The babysitter sets a plate of pancakes in front of the boy. She’s eighteen and wearing a short nightie. Fingers of sun stretch across her freckled face.
“Oh shit, kid, I got some ash on that,” she says, but the boy is already gobbling.
“I LOVE the ashes,” the boy says.
The babysitter gets her cigarette where it’s balanced with the bread knife on the lid of the peanut butter jar, comes over and taps more ash onto his plate. He swirls his fork around, blending it with the syrup.
“I LOVE the ashes,” he says again.
The babysitter sashays around the house, flicking ashes everywhere. The cat pukes on the rug. She says, “bad kitty,” and hurls him into the garage and slams the door. She throws a paper plate over the vomit. Lights the candle that smells of eucalyptus.
“What’re you going to do today, kid?”
“I’m going to the POOL,” the boy says. He slept in his swim trunks.
“Oh that’s great,” she says. “Maybe you should go RIGHT NOW.”
He has syrup on his cheeks. His belly protrudes over the top of his swim trunks. They are festooned with skulls.
The babysitter is looking at her phone, absently scratching her crotch. From the garage, the cat meows. The boy lets out a belch worthy of a longshoreman.
The babysitter looks up. “You’re still here?”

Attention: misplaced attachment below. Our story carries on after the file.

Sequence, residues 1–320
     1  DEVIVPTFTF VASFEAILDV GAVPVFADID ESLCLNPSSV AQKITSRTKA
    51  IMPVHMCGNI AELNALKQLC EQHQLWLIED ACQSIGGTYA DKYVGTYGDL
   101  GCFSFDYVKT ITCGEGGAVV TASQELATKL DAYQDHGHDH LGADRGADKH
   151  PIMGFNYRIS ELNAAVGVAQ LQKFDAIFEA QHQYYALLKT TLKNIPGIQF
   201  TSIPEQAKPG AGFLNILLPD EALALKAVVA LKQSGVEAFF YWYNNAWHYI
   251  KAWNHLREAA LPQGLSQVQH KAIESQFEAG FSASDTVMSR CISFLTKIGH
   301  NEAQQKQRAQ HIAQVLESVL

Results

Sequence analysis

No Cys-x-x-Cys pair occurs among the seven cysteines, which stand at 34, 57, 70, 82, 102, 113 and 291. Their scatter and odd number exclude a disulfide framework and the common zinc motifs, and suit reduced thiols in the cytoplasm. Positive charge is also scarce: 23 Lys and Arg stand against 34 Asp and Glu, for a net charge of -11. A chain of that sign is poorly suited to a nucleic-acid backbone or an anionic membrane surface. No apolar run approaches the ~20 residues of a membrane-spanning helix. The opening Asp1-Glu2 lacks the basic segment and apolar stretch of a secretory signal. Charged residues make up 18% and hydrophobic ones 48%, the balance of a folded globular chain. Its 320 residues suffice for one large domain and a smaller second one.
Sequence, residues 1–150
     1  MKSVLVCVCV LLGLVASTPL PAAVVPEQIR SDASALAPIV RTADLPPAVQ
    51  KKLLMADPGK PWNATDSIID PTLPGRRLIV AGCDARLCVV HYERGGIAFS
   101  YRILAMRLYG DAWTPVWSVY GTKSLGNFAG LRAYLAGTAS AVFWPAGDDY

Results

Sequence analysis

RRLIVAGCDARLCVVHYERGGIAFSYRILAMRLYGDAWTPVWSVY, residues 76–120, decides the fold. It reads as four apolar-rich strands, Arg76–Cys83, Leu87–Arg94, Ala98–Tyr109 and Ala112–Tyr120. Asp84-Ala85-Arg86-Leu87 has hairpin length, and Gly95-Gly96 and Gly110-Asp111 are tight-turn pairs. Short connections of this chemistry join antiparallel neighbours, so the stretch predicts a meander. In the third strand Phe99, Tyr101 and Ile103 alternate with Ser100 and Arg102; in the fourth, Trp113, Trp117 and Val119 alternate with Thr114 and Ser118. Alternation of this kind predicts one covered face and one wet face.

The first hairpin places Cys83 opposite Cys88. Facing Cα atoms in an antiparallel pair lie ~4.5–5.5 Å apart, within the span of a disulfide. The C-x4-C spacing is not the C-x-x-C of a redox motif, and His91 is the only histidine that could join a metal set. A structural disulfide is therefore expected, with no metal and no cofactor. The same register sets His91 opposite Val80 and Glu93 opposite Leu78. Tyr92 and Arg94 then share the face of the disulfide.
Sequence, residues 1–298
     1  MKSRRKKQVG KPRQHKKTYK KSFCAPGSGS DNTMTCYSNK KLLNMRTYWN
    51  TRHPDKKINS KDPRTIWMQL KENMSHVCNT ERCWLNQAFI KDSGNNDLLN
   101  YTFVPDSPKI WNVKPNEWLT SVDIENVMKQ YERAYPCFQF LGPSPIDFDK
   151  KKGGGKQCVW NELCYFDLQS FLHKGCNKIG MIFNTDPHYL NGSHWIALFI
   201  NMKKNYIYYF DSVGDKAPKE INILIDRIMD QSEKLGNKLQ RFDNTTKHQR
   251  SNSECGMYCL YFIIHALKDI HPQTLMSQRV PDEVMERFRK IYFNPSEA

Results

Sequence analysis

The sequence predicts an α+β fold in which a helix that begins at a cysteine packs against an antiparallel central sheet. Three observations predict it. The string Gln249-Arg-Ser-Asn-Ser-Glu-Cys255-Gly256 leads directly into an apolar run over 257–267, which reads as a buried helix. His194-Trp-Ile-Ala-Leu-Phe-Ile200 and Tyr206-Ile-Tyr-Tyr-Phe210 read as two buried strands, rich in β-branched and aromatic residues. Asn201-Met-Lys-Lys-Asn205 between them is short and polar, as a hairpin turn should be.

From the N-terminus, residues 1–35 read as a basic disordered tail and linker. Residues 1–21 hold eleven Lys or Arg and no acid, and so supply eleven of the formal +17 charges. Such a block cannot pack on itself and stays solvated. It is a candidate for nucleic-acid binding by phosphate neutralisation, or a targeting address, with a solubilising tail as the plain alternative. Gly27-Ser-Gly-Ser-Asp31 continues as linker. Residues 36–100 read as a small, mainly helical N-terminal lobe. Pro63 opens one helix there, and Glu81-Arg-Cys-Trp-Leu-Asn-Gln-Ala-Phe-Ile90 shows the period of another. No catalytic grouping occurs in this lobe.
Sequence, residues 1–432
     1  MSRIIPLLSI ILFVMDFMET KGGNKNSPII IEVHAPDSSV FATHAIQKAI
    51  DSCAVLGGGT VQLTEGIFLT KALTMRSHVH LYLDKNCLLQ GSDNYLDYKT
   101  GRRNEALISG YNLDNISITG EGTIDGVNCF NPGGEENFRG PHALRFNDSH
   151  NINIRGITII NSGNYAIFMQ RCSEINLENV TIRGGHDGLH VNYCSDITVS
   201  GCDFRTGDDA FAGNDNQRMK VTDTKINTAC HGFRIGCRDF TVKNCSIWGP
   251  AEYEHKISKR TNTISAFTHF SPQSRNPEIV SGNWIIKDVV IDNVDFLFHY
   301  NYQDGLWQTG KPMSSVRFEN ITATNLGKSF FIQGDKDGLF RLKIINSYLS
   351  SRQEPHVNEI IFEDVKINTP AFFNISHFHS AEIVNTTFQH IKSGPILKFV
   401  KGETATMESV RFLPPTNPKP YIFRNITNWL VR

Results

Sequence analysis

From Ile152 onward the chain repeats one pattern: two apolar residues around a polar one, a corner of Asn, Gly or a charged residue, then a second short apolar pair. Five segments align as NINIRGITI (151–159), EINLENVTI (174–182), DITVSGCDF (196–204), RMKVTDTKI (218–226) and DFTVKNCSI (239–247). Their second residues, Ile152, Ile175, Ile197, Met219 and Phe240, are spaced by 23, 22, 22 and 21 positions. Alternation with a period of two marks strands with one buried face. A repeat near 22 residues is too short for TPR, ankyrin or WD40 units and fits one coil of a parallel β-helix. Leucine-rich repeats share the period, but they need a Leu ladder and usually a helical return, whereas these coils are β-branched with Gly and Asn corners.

“I believe I’d like a cup of Joe.” He leans back in his chair, pats his stomach.
The babysitter opens the cupboard, stands on tiptoe to get a coffee mug. Her nightie rides up. The boy reaches his hand out as if to touch.
She was just supposed to take care of him the one night. His mother told them she was going to a convention in Tuscaloosa. She claimed to work on a construction site, directing traffic in a bright orange vest.
The babysitter plops the cup on the table, pours syrup to the rim. She looks at the boy. “Wait, kid, did you just grow?”
He stands, tipping over the chair. He towers over her. His swim trunks appear to have shrunk.
“Power pancakes,” the boy whispers. “Power pancakes!” he roars.
“What the FUCK are you going to do today, kid?” The babysitter stands on a chair and reaches her hand up to pat the boy’s head. She says, “Kid!”
The boy realizes the POOL is no longer an option. Giants have better things to do.
“We should call Mom,” he says. The babysitter has been calling several times a day. The phone just rings.
“About that,” she says. “I don’t think she’s coming back.”
A smile the size of a watermelon slice creases the boy’s face. He races around the house, knocking over the plant, the end table, banging his head on a doorframe. He springs the cat from its garage jail.
The babysitter’s holding the door open. Outside, the lawn is a carpet of sparkling emerald. He hoists the cat onto his shoulder. Ducking his head, he steps out and greets the world.
Kathy Fish’s stories have been published or are forthcoming in The Lineup: 20 Provocative Women Writers (Black Lawrence Press, 2015), Yemassee Journal, Guernica, Indiana Review and various other journals and anthologies. She is the author of four collections of short fiction: Together We Can Bury It (The Lit Pub, 2013), Wild Life (Matter Press, 2012), a chapbook in A Peculiar Feeling of Restlessness (Rose Metal Press, 2008) and Rift, co-authored with Robert Vaughan (Unknown Press, 2015). She has recently joined the faculty of the Mile High MFA at Regis University in Denver where she will be teaching flash fiction. She blogs at www.kathy-fish.com